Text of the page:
The Headmaster and other senior staff are active in forums in Barnet dealing with finance, admissions, inclusion and strategic thinking on the education of those aged 14-19. The Headmaster is also a member of Boys’ Academic State Schools (BASS) and the Grammar Schools' Heads' Association (GSHA), is Chairman of the Northgate School management committee (a school situated in the grounds of Edgware Community Hospital with pupils drawn from two psychiatric units) and is a mentor to new Heads. QE has good working relationships with local police, with pupils active in Barnet Youth and the Police CRAC (Communications, Results Action Committee).

For QE’s older students, our work experience and voluntary service programmes present further opportunities for developing valuable relationships with external organisations that are usually of mutual benefit.

The work experience programme begins at the end of Year 10, when students have an off-timetable day which encourages them to consider their career aspirations and introduces them to planning a route to a career. Having written their own CV, it is the responsibility of students, with the help of their parents, to find suitable placements. In this respect QE differs from many other schools which will find a placement for their students; the School believes that students seeing how an application process works is a vital element in planning a career.

All students carry out work experience at the end of Year 11. Work experience itself takes place over two weeks and in a wide variety of settings. Typically, these might include local NHS trusts, the City of London, local government offices, surveying and design companies, banks, building societies, dental surgeries and primary schools.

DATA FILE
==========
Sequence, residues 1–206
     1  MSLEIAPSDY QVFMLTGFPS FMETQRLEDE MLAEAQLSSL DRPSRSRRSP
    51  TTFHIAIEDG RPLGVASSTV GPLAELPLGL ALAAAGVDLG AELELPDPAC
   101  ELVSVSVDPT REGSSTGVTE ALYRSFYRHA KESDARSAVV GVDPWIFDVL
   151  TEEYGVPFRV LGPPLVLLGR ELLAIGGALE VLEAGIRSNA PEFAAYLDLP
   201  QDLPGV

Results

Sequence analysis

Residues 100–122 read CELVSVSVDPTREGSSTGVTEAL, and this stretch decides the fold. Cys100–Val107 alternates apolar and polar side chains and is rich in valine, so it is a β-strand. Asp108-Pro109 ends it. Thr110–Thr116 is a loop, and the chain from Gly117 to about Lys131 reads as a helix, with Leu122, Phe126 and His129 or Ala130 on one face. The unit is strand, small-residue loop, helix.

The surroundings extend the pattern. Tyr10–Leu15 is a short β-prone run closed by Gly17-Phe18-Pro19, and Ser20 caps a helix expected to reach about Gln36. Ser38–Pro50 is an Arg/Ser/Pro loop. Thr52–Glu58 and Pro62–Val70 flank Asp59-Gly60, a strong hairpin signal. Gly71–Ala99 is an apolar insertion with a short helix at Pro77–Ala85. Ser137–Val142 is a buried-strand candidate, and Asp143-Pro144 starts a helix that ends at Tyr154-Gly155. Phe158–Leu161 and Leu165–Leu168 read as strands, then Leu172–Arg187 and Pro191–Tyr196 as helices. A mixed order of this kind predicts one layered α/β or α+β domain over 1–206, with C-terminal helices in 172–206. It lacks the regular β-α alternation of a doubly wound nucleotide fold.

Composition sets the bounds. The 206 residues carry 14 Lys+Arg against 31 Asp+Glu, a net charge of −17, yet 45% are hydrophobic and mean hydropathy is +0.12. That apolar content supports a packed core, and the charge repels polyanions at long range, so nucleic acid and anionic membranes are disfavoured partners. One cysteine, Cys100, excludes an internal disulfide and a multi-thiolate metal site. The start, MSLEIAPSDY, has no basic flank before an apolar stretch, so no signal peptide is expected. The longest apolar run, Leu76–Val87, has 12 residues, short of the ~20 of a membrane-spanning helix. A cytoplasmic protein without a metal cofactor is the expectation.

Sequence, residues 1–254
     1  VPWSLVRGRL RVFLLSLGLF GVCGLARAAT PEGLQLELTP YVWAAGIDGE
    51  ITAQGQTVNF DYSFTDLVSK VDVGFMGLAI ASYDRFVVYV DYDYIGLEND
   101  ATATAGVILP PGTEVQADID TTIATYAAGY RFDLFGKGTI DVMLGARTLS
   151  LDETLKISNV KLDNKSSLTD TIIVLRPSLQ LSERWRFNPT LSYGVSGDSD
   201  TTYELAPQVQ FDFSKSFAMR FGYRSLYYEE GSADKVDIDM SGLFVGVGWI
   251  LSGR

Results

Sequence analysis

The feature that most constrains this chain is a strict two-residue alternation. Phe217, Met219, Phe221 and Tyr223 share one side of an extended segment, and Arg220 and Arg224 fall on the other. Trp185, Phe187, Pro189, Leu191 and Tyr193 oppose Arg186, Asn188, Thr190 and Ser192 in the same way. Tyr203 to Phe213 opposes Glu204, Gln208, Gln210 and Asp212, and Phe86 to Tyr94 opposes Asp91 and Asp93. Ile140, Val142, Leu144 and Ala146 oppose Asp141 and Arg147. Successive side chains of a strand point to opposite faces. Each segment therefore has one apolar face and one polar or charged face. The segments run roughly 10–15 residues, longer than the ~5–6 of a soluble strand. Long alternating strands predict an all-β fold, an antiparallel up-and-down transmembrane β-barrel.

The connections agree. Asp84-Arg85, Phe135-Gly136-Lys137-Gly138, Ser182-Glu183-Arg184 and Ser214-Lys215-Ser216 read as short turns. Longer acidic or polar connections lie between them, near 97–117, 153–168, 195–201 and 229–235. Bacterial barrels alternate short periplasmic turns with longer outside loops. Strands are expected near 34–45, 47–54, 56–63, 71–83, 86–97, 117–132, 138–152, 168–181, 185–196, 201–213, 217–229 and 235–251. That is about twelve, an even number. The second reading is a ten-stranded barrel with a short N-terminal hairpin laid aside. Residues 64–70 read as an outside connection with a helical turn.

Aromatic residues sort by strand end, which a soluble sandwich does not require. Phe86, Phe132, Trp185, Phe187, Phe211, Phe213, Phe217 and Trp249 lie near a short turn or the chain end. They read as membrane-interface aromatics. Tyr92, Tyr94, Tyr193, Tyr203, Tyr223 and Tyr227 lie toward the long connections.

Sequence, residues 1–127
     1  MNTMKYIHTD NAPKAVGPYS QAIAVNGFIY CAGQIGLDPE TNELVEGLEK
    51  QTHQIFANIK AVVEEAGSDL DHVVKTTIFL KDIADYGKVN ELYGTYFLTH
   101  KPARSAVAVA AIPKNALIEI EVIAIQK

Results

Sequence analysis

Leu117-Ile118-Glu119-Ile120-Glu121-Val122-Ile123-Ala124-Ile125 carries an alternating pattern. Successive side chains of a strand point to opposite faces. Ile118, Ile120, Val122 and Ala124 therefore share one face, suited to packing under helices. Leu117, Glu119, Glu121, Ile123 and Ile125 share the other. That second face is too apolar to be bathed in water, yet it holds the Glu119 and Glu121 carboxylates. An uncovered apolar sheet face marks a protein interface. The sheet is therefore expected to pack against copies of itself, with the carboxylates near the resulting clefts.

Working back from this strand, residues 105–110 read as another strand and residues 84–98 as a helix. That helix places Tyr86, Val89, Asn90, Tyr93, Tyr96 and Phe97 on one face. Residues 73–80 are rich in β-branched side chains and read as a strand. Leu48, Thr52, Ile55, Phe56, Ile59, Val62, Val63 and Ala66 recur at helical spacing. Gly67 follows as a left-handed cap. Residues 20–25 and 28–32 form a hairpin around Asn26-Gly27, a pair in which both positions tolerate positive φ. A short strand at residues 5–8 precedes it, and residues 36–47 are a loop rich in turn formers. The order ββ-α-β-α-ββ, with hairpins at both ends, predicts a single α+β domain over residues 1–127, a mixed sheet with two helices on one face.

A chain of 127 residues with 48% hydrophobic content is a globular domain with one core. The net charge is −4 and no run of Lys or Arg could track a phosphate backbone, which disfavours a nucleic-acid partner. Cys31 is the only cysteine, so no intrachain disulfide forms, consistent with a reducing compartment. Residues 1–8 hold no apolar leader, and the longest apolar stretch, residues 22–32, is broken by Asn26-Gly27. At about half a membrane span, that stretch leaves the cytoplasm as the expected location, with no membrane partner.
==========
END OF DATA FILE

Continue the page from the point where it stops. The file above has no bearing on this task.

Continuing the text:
The feedback from employers is very positive. Here are some recent examples:

  • “A pleasure to work with; he is extremely intuitive…we had nothing but praise for him…I would rather hire him than many of the other graduates we have had on our desk who are much older and more experienced.” (RBS)
  • “Very impressive. He was able to grasp complex legal issues and execute instructions.” (Mills Chody) 
  • “It was a pleasure to have him in my group, a highly competent and diligent individual.” (Chevron Ltd) 
  • “Superb student, professional and polite.” (Britannia Building Society)
  • “Has worked beyond what I would expect of a student. A major asset to us in the week he was here.” (Stanburm Middle School)

Leading on from work experience is voluntary service. This programme helps to fulfil QE’s intention that boys should ‘make a difference to the community by acting as purposeful citizens’. Every boy in Year 12 is expected to commit 40 hours’ service per year (or one hour per week) in voluntary service. Again, it is his responsibility to find that voluntary placement; one that is related to his career pathway, or which allows him to make a contribution to his community. Recent placements have taken place at charity shops, libraries, primary schools, care homes. Boys have also served with political groups and with faith groups.